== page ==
US calls for R2000 raise in salary, thirteenth month pay and support for small businesses |18 September 2021
The leader of opposition party United Seychelles (US), Dr Patrick Herminie, has called for a salary increase of R2000 across the board for all Seychellois, from the R1.2 billion savings on the budget.
Dr Herminie made the call during the party’s ninth press conference held yesterday.
He noted that as per the party’s calculations, government can afford the R2000 pay rise, thirteen month salary payments for public servants, as well as to assist smaller businesses to do the same for their employees.
He went on to highlight that unemployment is at its worst with many youths still being unemployed following the termination of the Unemployment Relief Scheme (URS).
Dr Herminie further noted that the cost of living continues to rise, proposing that the administration and Linyon Demokratik Seselwa (LDS) government have failed in diversifying the economy as promised, with economic performance at zero.
“US will continuously denounce the bad decisions and policies of LDS, because we firmly believe that the standard and quality of life of our people is not negotiable. US left behind the highest ranking education system in Africa, the most transparent Office of the Auditor General in Africa, and the highest Infrastructure Development Index in Africa and this is measure of our investments in housing, electricity, sanitation, among others,” Dr Herminie stated, noting that the statement that LDS inherited a ‘broken carriage’ is false and unfounded.
With regard to the Covid-19 situation in the country, Dr Herminie stated that the US has four main problems with how the situation is being handled by government. He pointed out that the rights to protection under the law are not being upheld, with differential treatment for certain individuals and groups in relation to health and safety measures and protocols in place. The party is further concerned with the efficacy of the Sinopharm vaccine which was administered to the general population, whether the population will now be revaccinated with the Pfizer vaccines.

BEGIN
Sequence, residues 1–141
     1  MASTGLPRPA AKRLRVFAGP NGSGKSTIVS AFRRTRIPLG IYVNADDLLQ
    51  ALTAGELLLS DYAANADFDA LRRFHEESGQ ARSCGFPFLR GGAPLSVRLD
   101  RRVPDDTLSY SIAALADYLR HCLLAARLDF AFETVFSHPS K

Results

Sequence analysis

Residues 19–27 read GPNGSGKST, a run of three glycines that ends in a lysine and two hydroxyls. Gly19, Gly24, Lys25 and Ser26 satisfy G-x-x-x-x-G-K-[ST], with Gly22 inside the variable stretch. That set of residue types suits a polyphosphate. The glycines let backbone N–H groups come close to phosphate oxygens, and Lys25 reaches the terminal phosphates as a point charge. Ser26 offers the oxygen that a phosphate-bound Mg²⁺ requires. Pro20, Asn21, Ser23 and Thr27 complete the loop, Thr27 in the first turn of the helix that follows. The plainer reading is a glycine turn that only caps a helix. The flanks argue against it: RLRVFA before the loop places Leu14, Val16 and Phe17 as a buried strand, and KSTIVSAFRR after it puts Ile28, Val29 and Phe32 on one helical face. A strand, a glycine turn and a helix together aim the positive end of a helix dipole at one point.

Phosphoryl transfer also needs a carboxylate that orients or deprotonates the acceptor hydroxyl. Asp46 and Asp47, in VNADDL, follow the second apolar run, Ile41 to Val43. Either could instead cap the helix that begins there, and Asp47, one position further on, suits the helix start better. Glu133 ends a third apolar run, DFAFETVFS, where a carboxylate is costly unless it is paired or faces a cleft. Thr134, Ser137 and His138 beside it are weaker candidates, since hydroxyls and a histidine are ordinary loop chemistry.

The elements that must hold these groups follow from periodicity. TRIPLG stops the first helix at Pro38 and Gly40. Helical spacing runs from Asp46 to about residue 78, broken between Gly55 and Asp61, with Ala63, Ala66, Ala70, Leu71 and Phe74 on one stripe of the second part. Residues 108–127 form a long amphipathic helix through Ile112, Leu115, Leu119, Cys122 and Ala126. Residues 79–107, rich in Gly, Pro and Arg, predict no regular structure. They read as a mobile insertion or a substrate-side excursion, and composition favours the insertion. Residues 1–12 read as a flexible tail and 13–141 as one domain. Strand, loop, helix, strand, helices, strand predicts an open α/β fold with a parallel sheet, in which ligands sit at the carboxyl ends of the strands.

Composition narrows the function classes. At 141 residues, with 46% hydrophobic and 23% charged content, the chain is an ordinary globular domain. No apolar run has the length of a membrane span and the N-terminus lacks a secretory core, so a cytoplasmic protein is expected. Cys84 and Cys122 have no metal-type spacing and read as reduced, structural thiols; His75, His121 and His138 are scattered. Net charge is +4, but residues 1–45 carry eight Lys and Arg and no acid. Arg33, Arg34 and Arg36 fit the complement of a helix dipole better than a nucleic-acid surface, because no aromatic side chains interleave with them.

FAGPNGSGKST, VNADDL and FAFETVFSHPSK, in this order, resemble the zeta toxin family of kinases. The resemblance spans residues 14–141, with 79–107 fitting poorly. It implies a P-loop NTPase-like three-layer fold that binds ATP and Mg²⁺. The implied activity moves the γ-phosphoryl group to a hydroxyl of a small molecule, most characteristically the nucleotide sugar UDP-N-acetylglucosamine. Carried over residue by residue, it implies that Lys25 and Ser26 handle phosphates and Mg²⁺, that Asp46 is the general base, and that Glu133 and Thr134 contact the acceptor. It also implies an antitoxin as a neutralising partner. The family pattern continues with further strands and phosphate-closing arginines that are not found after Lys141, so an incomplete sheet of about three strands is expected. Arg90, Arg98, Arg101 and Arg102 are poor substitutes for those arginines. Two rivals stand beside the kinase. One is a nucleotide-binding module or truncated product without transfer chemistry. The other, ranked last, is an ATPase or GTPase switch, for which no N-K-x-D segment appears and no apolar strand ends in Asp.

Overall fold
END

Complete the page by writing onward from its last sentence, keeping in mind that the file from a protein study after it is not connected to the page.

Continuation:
As for the vaccination of adolescents which is presently ongoing, Dr Herminie argued that there is a lack of clear information for parents, going further to demand a liability clause in the consent agreement. Additionally, he said he was disappointed with how health workers are being treated, as they face allowance cuts, and other incentives have been phased out.
Deputy leader Jacquelin Dugasse spoke about the Air Seychelles saga, blaming the LDS government for being “incompetent” and mishandling the Air Seychelles situation.
Mr Dugasse requested that the government be more transparent and accountable with regard to Air Seychelles and how the employees will be sustained and about the macroeconomic reform programme of the International Monetary Fund (IMF).
For his part, secretary general Dick Esparon conveyed his perspective that the present administration has adopted a piecemeal approach which fails to detail how the agricultural sector can be revamped.
“What is clear is that there are piecemeal measures being taken one after the other, but together is not a multi-sectorial approach. It does not paint the picture of how the agricultural sector can be impactful, and how all other sectors stand to benefit from agriculture,” Mr Esparon added.
The secretary general asserted the realisation that resources should be invested into agriculture, noting that no elaborate strategy has been communicated to the nation as to how food security is to be improved.
Mr Esparon also highlighted the importance of government stepping in to help reduce dependability on importation, so as to ensure that smaller famers and businesses can also benefit.
The leaders also addressed questions relating to victimisation of US supporters to say that such is rampant within the public service.
They further called for the government to step up and address cases of corruption, in a fair manner, and to keep the population informed on the progress made in important cases, such as that of the lost $50 million (USD).